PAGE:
August 04, 2015

Conan O'Brien Sued for Stealing Jokes

by Guest Blogger


Conan O'Brien is the target of a civil lawsuit brought by a man who says the comedian stole his jokes.

Robert Kasberg claims that he posted jokes on his personal blog and through Twitter that then made their way into Conan's monolog in a nearly verbatim fashion.

One of the jokes:

"A Delta flight this week took off from Cleveland to New York with just two passengers. And they fought over control of the armrest the entire flight."

This one appeared in Conan's show the same day that Kasberg posted it.

Do intellectual property rights exist in jokes? My first though is - are they "good" enough to warrant copyright protection under the minimal creativity standard established by the Supreme Court in the Feist case? A single line such as, "Keep Connecticut Weird" generally falls short of copyright protection. Other phrases, those that truly approach "literary", can be protected.

"I like to gamble, I like to smoke. I like to drink and tell a dirty joke."

Was held not sufficiently creative to invoke copyright protection:

But the following lines were sufficiently "clever" (included enough original content) to invoke copyright protection:

"I may not be totally perfect, but parts of me are excellent" and

"I have abandoned my search for truth and am now looking for a good fantasy"

However, both of these phrases were copied from an author who used them on merchandise and were included by the infringer on competing t-shirts.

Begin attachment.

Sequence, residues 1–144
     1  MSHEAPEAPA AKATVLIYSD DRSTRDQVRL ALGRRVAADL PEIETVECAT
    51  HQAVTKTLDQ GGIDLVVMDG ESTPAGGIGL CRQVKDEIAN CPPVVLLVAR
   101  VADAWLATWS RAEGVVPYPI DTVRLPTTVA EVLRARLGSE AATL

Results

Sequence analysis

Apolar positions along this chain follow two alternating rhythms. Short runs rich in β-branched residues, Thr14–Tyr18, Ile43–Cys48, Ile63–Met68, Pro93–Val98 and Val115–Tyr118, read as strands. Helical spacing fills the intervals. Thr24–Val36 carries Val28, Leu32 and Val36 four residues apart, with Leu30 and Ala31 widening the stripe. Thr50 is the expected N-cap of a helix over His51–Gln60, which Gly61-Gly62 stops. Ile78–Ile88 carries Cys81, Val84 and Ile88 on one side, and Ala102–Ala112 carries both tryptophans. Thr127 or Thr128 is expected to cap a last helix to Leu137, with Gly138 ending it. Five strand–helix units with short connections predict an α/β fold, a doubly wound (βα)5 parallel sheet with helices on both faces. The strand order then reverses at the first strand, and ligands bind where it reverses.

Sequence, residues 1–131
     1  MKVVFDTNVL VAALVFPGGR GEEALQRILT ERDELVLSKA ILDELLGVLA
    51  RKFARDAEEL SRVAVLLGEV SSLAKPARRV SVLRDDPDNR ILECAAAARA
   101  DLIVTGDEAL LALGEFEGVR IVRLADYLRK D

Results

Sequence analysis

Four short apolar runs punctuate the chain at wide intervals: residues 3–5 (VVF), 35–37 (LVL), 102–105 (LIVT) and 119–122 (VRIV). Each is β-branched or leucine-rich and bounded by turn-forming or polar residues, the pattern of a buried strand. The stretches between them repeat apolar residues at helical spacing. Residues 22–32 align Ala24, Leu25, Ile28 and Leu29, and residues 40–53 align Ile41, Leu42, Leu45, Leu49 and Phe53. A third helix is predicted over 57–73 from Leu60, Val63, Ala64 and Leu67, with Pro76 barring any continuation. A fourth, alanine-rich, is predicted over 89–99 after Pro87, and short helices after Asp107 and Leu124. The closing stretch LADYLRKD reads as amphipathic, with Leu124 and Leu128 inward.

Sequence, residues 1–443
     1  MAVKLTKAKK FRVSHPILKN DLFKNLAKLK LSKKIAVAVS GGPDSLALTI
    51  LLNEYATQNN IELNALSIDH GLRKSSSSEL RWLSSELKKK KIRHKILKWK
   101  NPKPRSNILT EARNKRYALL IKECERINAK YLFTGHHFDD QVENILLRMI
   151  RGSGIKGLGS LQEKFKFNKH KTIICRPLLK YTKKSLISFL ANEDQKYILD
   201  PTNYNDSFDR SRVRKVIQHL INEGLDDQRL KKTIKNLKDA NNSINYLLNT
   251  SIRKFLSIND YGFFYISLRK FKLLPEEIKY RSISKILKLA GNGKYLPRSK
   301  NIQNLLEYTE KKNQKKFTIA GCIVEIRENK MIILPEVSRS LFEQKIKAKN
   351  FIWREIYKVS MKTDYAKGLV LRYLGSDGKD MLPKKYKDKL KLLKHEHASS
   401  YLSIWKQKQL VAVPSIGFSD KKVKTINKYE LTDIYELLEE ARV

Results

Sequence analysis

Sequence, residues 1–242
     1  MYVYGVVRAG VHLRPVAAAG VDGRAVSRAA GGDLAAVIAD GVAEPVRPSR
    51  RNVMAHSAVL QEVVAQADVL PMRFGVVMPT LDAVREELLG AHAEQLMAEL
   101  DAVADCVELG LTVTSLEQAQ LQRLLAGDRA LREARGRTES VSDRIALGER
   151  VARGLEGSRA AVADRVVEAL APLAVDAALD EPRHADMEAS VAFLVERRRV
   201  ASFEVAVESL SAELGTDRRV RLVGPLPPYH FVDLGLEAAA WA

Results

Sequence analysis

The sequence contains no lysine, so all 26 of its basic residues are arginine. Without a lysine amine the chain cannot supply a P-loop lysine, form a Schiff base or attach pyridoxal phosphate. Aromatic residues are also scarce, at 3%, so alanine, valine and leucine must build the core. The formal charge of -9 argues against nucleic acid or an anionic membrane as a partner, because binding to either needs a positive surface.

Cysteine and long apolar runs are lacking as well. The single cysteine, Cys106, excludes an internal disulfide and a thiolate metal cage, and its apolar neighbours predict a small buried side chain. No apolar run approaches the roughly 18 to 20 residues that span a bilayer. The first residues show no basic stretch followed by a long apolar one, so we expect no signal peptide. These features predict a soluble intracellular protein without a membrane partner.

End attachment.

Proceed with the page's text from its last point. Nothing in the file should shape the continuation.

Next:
It is not necessarily the number of words in a turn of phrase that is dispositive. A lot of creativity can be packed into a relatively few words, like Edna St. Vincent Millay's title and opening line to her sonnet, "Euclid alone has looked on beauty bare."

The way that "current events" comedy â comedy linked to newsworthy event - is created raises the possibility that two people hearing the same news report could come up with an identical or nearly identical joke independently â that is, without copying. If two jokes were independently created and were "creative enough" to warrant copyright protection, there can be no infringement under copyright laws.

This is because copyright law does not provide an owner the exclusive right to create works. Rather, it prevents third parties from copying those works that are independently created. No copying, no infringement. One musician could write a song and another â one year later â could write the identical song and each could own a valid copyright in her own work.

Of course, the more original expression there is and the more similarity present, the easier it is to conclude that copying must have occurred. If you leave a group of monkeys in a room full of typewriters, what is the chance one of them will eventually bang out the Gettysburg Address? Not high.

I consider the joke above a possible candidate for simultaneous independent creation, but if there were many more, or other jokes that were particularly creative or clever, Conan may face an uphill battle.